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Sensemaker: The race to save Ukraine

Sensemaker: The race to save Ukraine

What just happened

Long stories short

  • Ukraine struck Russia’s flagship Black Sea missile cruiser, Moskva, causing serious damage and forcing its crew to evacuate.
  • New York City police arrested Frank James, a 62-year-old man, on suspicion of shooting 10 commuters in rush hour at a Brooklyn subway station.
  • Palestinian authorities said two youths were killed in an Israeli raid on the West Bank district of Jenin.

The race to save Ukraine

Ukraine is bracing itself for a renewed Russian offensive to its east and south. Russia’s aim, Kremlin officials have said, is for what they call the “complete liberation” of the Donbas, the region of Ukraine closest to Russia. 

The next phase of the war could be decisive. If Russia succeeds in taking the Donbas, it could use that position to consolidate its forces and launch fresh attempts to seize more Ukrainian territory in the coming months. But if Ukraine can beat them back, the Russians may be forced to come to the negotiating table. “Ukraine is ready for big battles,” said Mykhailo Podolyak, an adviser to President Volodymyr Zelensky. “Ukraine must win them.” 

Putin’s goals. Most immediately, Russia’s aim is to push deeper into the Donbas – and to do it, Russia is reassembling its forces. Satellite images show Russian armour gathering on the border close to the Donetsk and Luhansk regions. Meanwhile, Russian battalions repelled from the area around Kyiv by Ukrainian forces appear to be moving to regroup in the Donbas. Western sources told the Times that the Kremlin’s plan is to assemble enough soldiers in the region to outnumber Ukrainian forces by five to one, with the aim of seizing control of Ukrainian-held cities and towns across the Donbas.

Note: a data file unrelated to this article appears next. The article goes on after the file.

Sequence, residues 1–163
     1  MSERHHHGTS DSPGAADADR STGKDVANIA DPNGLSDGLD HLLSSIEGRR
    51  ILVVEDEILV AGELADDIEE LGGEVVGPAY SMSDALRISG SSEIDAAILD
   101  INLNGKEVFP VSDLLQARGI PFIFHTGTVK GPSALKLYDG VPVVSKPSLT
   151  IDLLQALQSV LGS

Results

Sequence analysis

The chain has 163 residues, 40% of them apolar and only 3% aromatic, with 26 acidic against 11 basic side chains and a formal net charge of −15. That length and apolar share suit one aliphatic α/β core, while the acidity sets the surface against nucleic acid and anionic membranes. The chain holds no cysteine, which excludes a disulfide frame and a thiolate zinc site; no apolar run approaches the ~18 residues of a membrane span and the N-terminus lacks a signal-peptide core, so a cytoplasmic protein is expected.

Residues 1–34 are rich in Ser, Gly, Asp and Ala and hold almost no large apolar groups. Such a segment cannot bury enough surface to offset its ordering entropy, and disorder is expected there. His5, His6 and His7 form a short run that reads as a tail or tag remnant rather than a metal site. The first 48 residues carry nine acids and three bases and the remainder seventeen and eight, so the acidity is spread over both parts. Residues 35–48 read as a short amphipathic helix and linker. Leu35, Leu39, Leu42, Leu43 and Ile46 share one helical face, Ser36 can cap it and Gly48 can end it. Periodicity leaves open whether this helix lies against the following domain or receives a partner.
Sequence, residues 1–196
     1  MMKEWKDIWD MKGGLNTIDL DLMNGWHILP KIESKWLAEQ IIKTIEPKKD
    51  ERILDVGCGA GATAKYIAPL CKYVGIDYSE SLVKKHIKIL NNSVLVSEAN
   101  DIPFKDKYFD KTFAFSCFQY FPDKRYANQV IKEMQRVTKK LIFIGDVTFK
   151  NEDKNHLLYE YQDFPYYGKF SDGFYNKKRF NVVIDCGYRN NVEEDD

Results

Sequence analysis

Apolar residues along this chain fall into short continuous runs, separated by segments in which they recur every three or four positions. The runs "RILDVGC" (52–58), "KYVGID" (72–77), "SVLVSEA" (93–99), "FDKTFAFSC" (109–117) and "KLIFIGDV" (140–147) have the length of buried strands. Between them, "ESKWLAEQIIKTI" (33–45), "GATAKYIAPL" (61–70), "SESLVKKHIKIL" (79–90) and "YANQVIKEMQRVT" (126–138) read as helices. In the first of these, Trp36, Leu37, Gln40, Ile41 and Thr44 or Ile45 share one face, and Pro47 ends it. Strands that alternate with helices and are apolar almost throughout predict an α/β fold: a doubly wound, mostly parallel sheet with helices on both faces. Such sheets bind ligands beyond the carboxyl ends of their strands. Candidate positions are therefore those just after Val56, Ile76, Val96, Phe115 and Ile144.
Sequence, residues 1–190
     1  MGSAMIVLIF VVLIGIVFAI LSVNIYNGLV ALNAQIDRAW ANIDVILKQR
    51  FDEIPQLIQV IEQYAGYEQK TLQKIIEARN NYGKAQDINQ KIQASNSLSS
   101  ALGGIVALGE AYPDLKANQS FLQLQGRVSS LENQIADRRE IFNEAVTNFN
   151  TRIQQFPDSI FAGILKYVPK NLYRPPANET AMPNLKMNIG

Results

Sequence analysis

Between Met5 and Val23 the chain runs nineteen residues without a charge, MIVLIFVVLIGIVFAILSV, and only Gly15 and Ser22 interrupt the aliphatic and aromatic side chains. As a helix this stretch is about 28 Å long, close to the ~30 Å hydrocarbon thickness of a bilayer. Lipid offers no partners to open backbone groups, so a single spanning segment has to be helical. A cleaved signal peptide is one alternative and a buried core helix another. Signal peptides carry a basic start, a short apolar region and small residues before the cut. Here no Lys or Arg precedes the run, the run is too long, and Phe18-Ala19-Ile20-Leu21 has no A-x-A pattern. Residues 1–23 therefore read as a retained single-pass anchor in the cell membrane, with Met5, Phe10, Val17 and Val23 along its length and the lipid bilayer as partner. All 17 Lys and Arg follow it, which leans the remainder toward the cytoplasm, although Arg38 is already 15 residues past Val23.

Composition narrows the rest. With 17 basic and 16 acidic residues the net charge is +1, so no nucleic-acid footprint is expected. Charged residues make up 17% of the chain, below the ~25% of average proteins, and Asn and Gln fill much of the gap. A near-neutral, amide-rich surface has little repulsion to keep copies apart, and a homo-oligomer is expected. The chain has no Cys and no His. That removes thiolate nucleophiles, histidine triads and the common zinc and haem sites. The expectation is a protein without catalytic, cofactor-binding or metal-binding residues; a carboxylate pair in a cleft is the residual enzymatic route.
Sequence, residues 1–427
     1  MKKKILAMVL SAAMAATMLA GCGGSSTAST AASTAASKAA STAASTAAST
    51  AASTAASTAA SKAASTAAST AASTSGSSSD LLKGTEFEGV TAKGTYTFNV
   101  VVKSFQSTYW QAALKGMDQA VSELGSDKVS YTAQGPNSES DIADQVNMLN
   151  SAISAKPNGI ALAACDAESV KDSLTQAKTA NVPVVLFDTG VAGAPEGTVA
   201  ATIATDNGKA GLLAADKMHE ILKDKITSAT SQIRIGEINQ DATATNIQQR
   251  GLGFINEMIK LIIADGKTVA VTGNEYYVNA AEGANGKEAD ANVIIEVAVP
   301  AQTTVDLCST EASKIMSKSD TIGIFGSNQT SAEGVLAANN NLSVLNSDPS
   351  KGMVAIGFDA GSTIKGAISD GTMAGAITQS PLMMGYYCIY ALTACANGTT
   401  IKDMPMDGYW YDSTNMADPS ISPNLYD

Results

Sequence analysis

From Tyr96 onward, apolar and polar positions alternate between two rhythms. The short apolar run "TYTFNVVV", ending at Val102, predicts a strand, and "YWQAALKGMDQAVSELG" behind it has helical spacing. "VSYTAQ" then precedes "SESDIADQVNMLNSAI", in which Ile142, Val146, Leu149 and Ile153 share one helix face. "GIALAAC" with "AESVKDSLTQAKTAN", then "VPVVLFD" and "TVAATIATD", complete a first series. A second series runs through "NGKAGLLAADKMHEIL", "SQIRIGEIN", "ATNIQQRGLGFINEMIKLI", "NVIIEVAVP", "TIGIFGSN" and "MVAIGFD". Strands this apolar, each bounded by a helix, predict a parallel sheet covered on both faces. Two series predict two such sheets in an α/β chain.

When might Russia attack? On 9 May Russia will celebrate it’s “Victory Day”, commemorating the end of the Second World War and the defeat of Nazi Germany. The word from intelligence officials is that Putin would like to have something to celebrate by then. Even though Russian forces are still in the process of redeploying, they’re on a deadline: Ukrainian officials believe that a renewed offensive could begin within days. 

Ukraine’s position. Thousands of Ukraine’s most highly trained and experienced soldiers are based in the country’s south and east. They’ve been fighting against Russian-backed forces since a seperatist conflict began eight years ago and have built up strong defences in the region.

But if Ukrainian forces are to drive back a targeted Russian assault, they will need to remain well supplied with arms. Ukraine has appealed to its allies to step up – and speed up – their assistance. In a meeting with Nato members last week, Ukraine’s foreign minister Dmytro Kuleba told them they had “days, not weeks” to decide to send more military aid to Ukraine or risk their help arriving “too late”.